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Atheism of the Gaps: why not ‘God’ rather than ‘I don’t know’

November 3, 2014

I occasionally encounter atheists who claim it is more ‘intellectually honest’ to say ‘I don’t know’ rather than to invoke ‘God’. Now whilst I commend “I don’t know’ as a response where the answer which is indeed uncertain, asserting ‘I don’t know’ in the face of a plausible alternative reeks of a predilection to a certain worldview. Hence this can mean that proposing ‘God’ as a valid answer to a philosophical question is dismissed. I wrote a bit about this recently on my review of the debate between David Robertson and Matt Dillahunty. But this came up again in another discussion I had recently.

Whilst invoking ‘God’ for something we don’t understand could be determined a ‘God of the Gaps’ approach, equally proposing ‘not God’ for something we don’t understand when God could be a valid option becomes an atheism of the gaps – i.e. when I can’t explain it, it definitely wasn’t God. There is a gap in our knowledge but that gap can’t be filled with God, instead I say, ‘I don’t know’.

Agency and burden of proof

This problem becomes particularly acute when considering agency and burden of proof in origin questions. In a recent discussion the atheist attempted to claim that it was incumbent on me to demonstrate my claim that God made the universe because “I was the one making the claim”. I responded that whilst I was happy to make a case for why God did it, (and I think I’ve begun an answer here where the argument from revelation becomes the decisive piece of evidence.), it is also incumbent on the atheist to also demonstrate their position, i.e. that the universe can begin without agency (I’ve outlined a number of other positive claims of atheism here.)

In the presence of a viable solution, to reject divine agency without offering a plausible alternative is atheism of the gaps is it not?

Hence the response to the atheist claim ‘The universe came into existence though no external agent’ with “we don’t know what was before our Universe expanded or what caused the event we label: The Big Bang” is true but also misleading. It’s true that we don’t know precisely what happened before the Big Bang, but this misses the point of disagreement. To demonstrate the reasonableness of atheism the atheist must demonstrate that the universe can come into existence without an external agent (or alternatively demonstrate its eternal nature). If the atheist can’t do that, the beginning of the universe can be reasonably claimed to have begun with an agent and that agent could reasonably be called God. (Now I do realise that there have been atheists who have proposed arguments for an eternal universe – which I’m chasing up and will think about in due course).

To suggest that it’s only the theist who has to demonstrate their case, misses the point of the burden of proof, because both side make positive claims about origins.

Just making something up?

But when a theist invokes ‘God’ am I just making something up? This relates to another conversation I had with another atheist where I asked two questions, ‘why not say ‘God’ rather than ‘I don’t know’? Why can’t God be a valid option to explain certain phenomena? His response was,

‘The reason you don’t just “say god” is the same reason you don’t just say a giant bowl of spaghetti or an invisible pink dragon. You can’t just make something up like that. And if you do this in your premise, then your premise is assuming your conclusion, doesn’t it? An intellectually honest proof would have that … an unknown factor would have to be involved.’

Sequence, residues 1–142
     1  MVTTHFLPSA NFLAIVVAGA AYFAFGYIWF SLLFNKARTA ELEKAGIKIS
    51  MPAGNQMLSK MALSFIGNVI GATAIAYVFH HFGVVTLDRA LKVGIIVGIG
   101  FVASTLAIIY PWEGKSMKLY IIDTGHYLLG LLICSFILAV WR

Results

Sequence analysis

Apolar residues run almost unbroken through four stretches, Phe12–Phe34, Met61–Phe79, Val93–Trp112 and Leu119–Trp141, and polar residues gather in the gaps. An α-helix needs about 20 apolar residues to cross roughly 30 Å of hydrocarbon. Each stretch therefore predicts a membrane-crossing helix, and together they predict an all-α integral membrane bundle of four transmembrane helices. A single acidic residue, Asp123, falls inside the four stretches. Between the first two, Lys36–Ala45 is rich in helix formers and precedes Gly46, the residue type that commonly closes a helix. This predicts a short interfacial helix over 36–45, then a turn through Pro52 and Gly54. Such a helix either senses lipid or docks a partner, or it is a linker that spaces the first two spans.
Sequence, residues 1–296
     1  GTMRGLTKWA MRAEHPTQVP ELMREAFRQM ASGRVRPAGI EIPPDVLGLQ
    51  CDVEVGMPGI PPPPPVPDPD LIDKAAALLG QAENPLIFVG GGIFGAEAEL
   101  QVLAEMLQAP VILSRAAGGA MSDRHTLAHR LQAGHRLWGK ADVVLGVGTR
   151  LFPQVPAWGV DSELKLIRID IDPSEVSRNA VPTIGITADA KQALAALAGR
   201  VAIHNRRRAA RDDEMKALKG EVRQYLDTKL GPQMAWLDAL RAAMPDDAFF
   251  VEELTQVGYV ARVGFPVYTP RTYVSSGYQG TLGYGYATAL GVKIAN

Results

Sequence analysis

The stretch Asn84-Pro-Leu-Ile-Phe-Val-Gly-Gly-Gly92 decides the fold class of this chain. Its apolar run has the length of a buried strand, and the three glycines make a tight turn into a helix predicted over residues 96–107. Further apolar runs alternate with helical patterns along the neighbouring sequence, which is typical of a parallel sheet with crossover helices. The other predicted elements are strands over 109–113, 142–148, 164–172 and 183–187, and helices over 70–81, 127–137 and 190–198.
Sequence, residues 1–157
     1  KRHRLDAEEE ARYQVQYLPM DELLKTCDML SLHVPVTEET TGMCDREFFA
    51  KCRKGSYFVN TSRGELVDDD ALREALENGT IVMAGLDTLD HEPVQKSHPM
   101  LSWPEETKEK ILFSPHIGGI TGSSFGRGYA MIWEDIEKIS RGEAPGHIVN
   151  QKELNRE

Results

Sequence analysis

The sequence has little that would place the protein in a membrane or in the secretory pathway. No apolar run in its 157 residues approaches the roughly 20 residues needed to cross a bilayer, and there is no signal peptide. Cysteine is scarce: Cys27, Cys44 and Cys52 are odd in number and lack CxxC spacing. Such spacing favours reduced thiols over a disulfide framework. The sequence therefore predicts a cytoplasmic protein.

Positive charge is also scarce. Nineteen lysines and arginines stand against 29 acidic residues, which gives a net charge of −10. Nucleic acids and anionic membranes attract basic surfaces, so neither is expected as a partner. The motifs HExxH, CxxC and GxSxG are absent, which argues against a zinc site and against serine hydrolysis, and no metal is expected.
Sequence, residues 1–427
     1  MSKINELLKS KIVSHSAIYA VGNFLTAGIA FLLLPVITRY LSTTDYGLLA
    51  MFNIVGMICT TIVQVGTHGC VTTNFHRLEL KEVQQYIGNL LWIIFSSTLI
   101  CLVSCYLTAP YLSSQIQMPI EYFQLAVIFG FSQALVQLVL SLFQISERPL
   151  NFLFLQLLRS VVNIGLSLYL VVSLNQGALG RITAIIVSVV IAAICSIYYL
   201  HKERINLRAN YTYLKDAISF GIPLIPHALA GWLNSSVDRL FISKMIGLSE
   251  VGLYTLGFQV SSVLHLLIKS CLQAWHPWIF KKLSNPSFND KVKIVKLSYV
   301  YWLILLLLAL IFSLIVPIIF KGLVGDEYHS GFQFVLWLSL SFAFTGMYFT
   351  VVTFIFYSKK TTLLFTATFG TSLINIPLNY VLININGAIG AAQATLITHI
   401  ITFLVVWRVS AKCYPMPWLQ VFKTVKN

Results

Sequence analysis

Yet again this misses the point. I’m proposing that an agent was the cause of the action, not a bowl of spaghetti. I’m suggesting that to explain something like the origin of the universe, or a resurrection, the best explanation is that an external agent caused it. Now it’s quite possible that an external agent is not necessary, but this needs to be demonstrated. I don’t think that it’s unreasonable to suggest that an external agent is responsible, is it?

If I walk into a field and see a perfect giant silver ball sitting on the grass. Our first question is ‘who made it?’ We naturally jump to question of agency because this is usually how we resolve questions of origin. It could be that it just popped into existence un-caused, but we would consider that unlikely. So why not similar with the origin of the universe? I recognise that this is an argument from analogy (and there are flaws in it). I’m not suggesting that the universe must have begun this way. But it is certainly reasonable to conclude that it did!

So I don’t think I’m ‘just making something up’, I’m suggesting that there is a reasonable explanation for origins, and that is an external agent i.e. God.

The key problem with atheism of the Gaps

The problem with atheism of the gaps is that God can never be admitted as a solution to anything! God is disallowed in any deductive premise in any argument purporting to demonstrate his existence. It becomes an a priori rejection of god as ANY explanation. This means that the theist can never produce an argument that satisfies the atheist because ‘God’ is rejected as an explanation for anything! I find this most frustrating and reveals a worldview problem rather than one of evidence.

Some atheists claim that God has no explanatory power, yet God does have explanatory power to explain the problem of agency in questions of origin. Unfortunately ‘I don’t know’ has far less explanatory power, particularly when plausible alternatives exist. In this case it is incumbent on the atheist to demonstrate these alternatives, unless they rest on an ‘atheism of the gaps’ argument.